269708 Tailored Catalytic Properties of MFI-Type Zeolite Through Controlled Surface Modifications: Theory, Synthesis and Catalytic Testing

Thursday, November 1, 2012: 3:35 PM
321 (Convention Center )
Arian Ghorbanpour, Lars C. Grabow and Jeffrey D. Rimer, Chemical and Biomolecular Engineering, University of Houston, Houston, TX

Tailored Catalytic Properties of MFI-Type Zeolite through Controlled Surface Modifications: Theory, Synthesis and Catalytic Testing

Arian Ghorbanpour, Lars C. Grabow, and Jeffrey D. Rimer

University of Houston, Department of Chemical and Biomolecular Engineering,

4800 Calhoun Rd., Houston, TX 77004

Nanoporous zeolites are utilized in many industrial processes because of their superior thermal stability, tunable acidity, and shape-selectivity. Notably, the aluminosilicate MFI-type zeolite (termed ZSM-5) is active for various reactions. Much attention has been given to the activity and identity of catalytic sites within the interior pores; however, active sites located on the external surfaces of zeolite catalysts may be equally, if not more, important. Although the shape-selectivity effect in zeolite catalysis has been investigated 1,2, differences between the inner and outer surface activity of zeolite catalysts are not well understood, which necessitates increased research thrusts to develop an improved fundamental knowledge of the active site(s). To this end, we have synthesized core-shell MFI-type zeolites composed of an active (ZSM-5) core and a non-active shell of silicalite-1 (siliceous analogue of ZSM-5) with 5 – 10 nm thickness. The "passivation" of external active sites with this thin silica layer helps to distinguish differences in the intrinsic activity of internal and external sites. Here, we will discuss results from catalyst synthesis, testing, and computational modeling using density functional theory (DFT) to calculate the stability of bulk and surface acidic sites and to model reaction kinetics. Proper catalytic tests are carried out to compare the performance of our core-shell materials with that of ZSM-5. This unique combination of synthesis, testing and modeling represents a synergistic approach in rational catalyst design that allows us to develop structure-function relationships in zeolite catalysis.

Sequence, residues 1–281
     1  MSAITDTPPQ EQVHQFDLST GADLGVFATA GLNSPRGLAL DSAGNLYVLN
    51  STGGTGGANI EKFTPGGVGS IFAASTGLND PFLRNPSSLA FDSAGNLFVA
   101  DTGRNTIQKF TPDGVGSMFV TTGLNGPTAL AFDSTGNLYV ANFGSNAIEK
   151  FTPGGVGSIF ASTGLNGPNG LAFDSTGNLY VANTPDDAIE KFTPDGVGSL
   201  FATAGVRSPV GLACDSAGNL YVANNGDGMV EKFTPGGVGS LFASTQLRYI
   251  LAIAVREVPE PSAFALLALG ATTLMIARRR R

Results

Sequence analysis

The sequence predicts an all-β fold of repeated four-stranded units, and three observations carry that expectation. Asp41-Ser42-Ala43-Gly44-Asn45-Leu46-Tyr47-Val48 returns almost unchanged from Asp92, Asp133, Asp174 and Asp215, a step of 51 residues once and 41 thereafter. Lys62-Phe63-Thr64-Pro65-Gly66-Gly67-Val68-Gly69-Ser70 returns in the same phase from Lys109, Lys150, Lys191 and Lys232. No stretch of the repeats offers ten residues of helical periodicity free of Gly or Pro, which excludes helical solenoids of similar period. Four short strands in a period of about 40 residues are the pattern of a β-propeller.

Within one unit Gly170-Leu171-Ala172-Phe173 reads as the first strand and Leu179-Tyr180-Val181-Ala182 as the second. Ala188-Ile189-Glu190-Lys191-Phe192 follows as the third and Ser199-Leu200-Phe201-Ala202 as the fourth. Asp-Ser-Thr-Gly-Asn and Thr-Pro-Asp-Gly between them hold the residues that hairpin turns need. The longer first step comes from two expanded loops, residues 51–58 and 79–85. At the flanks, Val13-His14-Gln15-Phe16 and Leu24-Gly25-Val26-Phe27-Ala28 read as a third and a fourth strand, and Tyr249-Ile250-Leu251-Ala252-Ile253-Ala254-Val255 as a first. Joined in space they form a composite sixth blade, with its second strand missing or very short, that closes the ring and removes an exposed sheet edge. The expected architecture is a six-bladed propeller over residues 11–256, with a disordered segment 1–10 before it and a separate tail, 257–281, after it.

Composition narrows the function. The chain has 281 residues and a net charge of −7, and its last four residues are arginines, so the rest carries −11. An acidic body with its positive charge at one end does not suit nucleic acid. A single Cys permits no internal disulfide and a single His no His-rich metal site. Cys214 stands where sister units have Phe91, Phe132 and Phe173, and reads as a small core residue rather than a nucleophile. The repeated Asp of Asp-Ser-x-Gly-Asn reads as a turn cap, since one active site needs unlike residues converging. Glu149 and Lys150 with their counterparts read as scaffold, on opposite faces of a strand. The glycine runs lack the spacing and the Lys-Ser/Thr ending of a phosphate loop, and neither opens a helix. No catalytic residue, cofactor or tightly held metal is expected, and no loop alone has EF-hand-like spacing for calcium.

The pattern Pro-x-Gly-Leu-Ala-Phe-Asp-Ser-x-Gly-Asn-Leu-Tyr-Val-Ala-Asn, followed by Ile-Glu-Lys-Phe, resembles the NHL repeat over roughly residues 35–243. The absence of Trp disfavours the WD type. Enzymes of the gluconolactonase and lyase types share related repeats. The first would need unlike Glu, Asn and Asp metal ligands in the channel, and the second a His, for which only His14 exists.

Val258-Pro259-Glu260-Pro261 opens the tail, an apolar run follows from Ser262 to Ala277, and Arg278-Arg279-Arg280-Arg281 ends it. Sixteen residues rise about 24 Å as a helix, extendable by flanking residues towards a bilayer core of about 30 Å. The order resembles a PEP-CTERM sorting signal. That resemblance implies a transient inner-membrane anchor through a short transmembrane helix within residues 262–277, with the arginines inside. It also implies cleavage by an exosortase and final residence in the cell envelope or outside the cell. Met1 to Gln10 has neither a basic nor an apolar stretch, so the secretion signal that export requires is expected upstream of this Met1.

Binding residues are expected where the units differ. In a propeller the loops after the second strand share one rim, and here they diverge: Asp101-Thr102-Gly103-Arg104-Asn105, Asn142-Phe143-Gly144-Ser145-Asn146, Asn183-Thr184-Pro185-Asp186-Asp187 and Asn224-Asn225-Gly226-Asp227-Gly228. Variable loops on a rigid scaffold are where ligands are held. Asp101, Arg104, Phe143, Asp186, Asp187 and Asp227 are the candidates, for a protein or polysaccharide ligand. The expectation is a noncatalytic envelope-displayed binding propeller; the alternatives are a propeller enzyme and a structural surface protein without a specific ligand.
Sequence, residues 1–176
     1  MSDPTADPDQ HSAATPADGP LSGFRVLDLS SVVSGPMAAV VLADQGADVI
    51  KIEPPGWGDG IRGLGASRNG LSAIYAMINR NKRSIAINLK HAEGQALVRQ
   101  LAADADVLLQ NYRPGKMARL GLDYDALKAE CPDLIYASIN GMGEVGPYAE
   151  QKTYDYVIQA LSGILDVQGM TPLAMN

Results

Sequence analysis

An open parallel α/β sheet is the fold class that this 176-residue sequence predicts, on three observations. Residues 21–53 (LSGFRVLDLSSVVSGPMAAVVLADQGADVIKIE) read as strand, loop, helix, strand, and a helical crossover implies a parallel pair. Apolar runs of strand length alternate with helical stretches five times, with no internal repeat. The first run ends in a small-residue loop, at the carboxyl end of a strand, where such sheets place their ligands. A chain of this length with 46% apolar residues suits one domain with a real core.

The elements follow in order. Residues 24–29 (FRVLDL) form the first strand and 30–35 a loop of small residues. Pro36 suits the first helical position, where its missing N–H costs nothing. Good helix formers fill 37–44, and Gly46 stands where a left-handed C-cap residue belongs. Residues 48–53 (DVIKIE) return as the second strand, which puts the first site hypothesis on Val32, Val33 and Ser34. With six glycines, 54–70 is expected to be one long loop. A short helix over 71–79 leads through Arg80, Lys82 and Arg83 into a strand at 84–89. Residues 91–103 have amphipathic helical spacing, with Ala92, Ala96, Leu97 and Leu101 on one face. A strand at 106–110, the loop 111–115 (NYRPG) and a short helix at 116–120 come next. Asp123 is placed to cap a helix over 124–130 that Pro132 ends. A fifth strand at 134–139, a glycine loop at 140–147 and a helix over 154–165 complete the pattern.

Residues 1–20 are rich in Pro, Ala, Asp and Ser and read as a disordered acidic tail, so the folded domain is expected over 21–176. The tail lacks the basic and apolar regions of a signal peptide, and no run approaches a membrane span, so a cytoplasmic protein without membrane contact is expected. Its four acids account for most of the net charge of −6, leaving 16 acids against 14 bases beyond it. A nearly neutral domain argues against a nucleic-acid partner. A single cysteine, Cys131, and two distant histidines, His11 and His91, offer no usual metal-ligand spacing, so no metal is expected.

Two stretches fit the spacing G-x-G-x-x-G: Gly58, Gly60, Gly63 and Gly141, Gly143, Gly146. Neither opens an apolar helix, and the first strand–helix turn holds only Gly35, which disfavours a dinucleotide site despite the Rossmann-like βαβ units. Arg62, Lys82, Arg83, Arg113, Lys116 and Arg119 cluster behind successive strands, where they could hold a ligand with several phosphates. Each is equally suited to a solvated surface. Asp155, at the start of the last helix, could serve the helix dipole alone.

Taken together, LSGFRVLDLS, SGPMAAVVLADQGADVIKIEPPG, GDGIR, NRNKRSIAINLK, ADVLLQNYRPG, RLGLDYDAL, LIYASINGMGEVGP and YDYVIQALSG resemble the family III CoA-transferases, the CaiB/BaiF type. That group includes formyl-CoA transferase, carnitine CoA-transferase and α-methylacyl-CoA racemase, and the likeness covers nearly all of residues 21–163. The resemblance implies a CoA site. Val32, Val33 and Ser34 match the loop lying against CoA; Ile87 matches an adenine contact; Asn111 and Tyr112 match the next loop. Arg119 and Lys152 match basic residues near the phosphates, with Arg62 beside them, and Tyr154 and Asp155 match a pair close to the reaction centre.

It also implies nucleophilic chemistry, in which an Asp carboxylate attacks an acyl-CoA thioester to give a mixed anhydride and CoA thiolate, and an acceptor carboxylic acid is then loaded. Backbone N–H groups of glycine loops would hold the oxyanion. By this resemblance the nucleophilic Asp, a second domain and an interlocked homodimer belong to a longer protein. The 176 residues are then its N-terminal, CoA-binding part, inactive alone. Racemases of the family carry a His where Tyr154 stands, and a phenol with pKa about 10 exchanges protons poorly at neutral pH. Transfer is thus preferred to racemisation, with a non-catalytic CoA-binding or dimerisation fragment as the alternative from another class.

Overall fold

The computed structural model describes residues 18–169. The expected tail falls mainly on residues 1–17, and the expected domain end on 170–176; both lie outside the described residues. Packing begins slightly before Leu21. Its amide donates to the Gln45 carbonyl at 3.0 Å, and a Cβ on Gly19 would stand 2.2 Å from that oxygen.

1 D.V. Vu, M. Miyamoto, N. Nishiyama, Y. Egashira, K. Ueyama, J. Catal. 243 (2006) 389-394.

2 Y-J. Ji, B. Zhang, L. Xu, H. Wu, H. Peng, L. Chen, Y. Liu, P. Wu, J. Catal. 283 (2011) 168-177.

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